“The Organization for Economic Co-operation and Development” (OECD) observed that the budget cuts required were likely to be between 4 percent and 10 percent of GDP “for most countries.” But, consistent with most such analyses, the report endeavored to soften the impact of such an enormous cut by suggesting that it might be compensated for through greater efficiency, the reduction of fiscal exemptions, and the expansion of environmental taxes. The reality, however, is that greater efficiency rarely results in the maintenance of existing levels of service or assistance, fiscal exemptions are maintained because they benefit the elites, and the revenue gains from environmental taxes will not automatically be diverted back to sustain other budgetary items. Significant reductions in budget expenditures thus require choices to be made and neither the IMF nor the OECD, nor other international actors promoting fiscal consolidation, have been prepared to address the issue of human rights, let alone to identify any specific budget item beyond a nebulously defined “social protection” that should be shielded in the process. In one of the earliest efforts to link fiscal issues explicitly to human rights protection, Holmes and Sunstein made the point that all rights cost money, and thus require public funding. They added that this applies to civil and political rights as much as to social rights including the right to a clean environment. Thus, in the context of the United States, the fact that private liberties have public costs.
A standard human rights approach to an inquiry about human rights begins with the state, the primary actor responsible for providing specific protections, as spelled out in law. Thinking about human rights in international environmental law from the perspective of the individual concerning the state is perhaps the most accessible route into the environment and human rights nexus, even if the framework this presents is ultimately insufficient to the task.
Historic decision made in “The People v Shell” climate case in the Netherlands. A Dutch court ruled that Shell must reduce its carbon emissions levels by 45% by 2030, based on 2019 levels. The court holds Shell liable for damaging the climate, and this is a landmark victory for climate activists across the world. This very case was filed by various activists and citizens. They argued that Shell’s current business model is endangering lives by contradicting the Paris Agreement which set forth the peaking emissions and temperature reduction goals. Additionally, Shell’s current reduction target of 20% by 2030 would be found to be insufficient. It is the first case of its kind in which a multinational corporation has been held accountable for climate change and forced to reduce CO2 emissions beyond its original targets. It’s also a turning point in climate litigation as it is the first time a court has ordered a big polluter to comply with the Paris Agreement. The ruling states that Shell’s current emissions policy “is not concrete, has many caveats and is based on monitoring social developments rather than the company’s responsibility for achieving a CO2 reduction. Therefore, the court has ordered Royal Dutch Shell (RDS) to reduce the emissions of the Shell group, its suppliers, and its customers by a net 45%, as compared to 2019 levels, by the end of 2030”.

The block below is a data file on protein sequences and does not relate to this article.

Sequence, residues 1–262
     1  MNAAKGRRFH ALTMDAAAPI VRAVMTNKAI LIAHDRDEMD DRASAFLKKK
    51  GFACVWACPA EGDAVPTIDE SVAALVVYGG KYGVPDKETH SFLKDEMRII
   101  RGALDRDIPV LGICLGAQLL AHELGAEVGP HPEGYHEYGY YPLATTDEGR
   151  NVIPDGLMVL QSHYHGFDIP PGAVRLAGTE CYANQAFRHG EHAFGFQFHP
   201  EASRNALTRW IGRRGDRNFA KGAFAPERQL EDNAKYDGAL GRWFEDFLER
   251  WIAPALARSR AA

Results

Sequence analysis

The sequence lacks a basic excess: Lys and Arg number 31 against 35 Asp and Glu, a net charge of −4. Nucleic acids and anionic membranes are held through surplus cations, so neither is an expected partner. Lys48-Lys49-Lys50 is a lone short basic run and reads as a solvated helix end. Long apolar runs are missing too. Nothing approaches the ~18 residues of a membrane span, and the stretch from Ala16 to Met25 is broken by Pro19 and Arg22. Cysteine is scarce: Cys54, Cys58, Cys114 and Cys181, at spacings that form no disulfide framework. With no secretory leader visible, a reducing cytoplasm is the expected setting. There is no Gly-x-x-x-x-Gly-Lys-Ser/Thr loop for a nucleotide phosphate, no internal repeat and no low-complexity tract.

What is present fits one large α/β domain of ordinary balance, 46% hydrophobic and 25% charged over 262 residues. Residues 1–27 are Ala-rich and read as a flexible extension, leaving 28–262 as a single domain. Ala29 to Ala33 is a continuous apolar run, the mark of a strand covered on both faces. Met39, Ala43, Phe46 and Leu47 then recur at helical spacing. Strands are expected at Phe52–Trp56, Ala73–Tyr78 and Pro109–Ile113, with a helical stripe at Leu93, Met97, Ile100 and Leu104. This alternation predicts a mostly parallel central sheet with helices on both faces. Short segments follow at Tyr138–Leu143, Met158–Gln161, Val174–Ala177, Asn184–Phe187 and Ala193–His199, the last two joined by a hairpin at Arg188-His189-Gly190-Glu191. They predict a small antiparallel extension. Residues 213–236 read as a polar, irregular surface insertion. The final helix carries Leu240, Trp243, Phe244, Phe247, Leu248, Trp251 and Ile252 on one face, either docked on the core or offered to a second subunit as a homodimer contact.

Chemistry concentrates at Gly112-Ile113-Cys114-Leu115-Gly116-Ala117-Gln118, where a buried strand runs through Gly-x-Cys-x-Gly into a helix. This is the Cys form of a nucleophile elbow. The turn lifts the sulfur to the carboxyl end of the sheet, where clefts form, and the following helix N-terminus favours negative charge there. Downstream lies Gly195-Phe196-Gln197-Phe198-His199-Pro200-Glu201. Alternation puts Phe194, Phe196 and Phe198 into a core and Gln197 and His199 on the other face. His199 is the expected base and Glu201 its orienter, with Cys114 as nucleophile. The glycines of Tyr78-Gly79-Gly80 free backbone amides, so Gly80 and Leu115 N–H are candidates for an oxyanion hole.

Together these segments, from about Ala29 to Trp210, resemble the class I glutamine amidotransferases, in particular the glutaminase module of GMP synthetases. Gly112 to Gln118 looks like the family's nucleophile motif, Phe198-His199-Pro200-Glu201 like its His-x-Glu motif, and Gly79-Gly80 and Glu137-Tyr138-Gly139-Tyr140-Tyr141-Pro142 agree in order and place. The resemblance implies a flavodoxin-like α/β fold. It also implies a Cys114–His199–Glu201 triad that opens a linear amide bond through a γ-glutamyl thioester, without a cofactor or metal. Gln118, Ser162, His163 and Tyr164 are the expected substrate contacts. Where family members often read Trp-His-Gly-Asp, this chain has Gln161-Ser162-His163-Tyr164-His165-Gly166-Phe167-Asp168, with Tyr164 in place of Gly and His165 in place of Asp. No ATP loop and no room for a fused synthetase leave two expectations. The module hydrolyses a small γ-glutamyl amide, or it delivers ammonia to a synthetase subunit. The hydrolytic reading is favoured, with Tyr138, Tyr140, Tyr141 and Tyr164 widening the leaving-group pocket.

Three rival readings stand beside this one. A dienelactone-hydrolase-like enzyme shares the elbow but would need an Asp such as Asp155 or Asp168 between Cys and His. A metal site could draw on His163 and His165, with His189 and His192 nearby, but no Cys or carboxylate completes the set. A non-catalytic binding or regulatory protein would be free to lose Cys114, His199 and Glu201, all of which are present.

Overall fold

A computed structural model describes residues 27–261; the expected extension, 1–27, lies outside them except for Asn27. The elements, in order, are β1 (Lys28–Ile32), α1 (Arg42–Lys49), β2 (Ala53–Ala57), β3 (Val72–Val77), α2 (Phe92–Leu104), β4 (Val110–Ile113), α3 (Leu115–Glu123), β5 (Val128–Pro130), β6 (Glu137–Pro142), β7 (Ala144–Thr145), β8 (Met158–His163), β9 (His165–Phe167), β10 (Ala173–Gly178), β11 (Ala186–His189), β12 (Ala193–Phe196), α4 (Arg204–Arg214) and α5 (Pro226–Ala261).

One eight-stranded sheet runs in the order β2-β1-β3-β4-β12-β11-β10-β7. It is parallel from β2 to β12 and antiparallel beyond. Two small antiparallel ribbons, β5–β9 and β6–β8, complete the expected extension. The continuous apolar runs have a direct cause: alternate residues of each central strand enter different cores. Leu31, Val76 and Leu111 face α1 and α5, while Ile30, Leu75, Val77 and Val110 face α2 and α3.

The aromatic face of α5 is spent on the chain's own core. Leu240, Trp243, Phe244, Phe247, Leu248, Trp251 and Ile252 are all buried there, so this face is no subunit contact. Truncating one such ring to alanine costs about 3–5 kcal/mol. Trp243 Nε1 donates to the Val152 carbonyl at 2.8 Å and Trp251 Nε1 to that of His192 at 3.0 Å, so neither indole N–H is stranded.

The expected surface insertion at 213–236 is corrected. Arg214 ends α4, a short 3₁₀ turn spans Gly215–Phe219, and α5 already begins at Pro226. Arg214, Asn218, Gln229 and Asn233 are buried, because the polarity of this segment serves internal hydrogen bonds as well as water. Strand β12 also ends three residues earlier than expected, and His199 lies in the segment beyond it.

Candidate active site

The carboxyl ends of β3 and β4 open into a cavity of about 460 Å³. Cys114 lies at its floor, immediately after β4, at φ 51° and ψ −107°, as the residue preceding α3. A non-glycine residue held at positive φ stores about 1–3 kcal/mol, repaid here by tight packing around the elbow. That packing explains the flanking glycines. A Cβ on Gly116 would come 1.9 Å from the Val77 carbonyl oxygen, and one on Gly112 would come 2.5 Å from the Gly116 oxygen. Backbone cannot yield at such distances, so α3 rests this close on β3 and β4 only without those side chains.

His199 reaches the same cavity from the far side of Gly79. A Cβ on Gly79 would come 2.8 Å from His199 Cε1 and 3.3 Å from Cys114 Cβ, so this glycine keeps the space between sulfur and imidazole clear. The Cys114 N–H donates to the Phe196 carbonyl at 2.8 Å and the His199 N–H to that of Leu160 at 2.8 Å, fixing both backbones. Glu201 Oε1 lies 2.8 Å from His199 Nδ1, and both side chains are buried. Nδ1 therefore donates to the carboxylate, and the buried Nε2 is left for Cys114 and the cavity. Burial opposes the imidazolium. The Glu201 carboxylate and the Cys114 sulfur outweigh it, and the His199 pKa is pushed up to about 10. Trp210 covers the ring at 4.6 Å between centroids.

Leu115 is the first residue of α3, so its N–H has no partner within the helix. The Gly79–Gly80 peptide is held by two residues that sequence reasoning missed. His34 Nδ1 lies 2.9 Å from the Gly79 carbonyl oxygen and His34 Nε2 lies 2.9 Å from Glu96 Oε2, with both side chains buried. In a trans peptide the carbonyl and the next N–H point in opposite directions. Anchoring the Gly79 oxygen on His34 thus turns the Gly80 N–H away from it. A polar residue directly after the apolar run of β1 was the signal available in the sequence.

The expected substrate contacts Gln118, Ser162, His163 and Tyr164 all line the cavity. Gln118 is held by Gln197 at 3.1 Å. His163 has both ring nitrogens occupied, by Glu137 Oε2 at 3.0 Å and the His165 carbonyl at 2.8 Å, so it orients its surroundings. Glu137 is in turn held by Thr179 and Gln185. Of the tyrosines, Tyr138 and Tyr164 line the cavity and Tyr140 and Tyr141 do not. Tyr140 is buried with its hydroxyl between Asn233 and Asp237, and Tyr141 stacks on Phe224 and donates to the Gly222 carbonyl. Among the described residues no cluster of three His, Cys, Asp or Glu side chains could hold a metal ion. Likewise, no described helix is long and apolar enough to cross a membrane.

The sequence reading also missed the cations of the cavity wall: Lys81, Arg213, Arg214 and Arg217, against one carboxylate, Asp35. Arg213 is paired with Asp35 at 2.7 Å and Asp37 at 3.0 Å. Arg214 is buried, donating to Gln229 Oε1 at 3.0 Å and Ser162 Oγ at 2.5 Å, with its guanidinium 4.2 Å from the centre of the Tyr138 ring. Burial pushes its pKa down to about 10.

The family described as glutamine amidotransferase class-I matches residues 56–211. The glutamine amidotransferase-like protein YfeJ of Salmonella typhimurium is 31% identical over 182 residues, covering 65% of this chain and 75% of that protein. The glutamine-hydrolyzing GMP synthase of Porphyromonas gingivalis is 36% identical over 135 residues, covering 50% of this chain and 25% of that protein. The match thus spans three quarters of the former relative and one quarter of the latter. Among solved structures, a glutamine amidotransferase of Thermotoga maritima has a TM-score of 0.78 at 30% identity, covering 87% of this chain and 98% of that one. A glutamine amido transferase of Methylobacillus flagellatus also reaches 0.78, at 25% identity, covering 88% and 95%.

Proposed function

This decision symbolizes significant progress in the climate change litigation movement. It should serve as a serious warning to high emitting companies that they cannot continue to fail to act on climate change and the threat of litigation to hold them accountable is a very real risk.
The preceding analysis aimed to delineate the connection between international environmental law and human rights law based on concrete case examples. To reform international environmental policies, it is crucial to understand past practices and whether and why these practices should be considered broken and unjust. Through strategic litigation, civil society could finally obtain something it has not had for too long—a seat at the table with environmentalists and human rights activists. This would increase civil society’s role as a new lobby to counterweight the stakeholders in the environment and human rights, namely, states and corporations.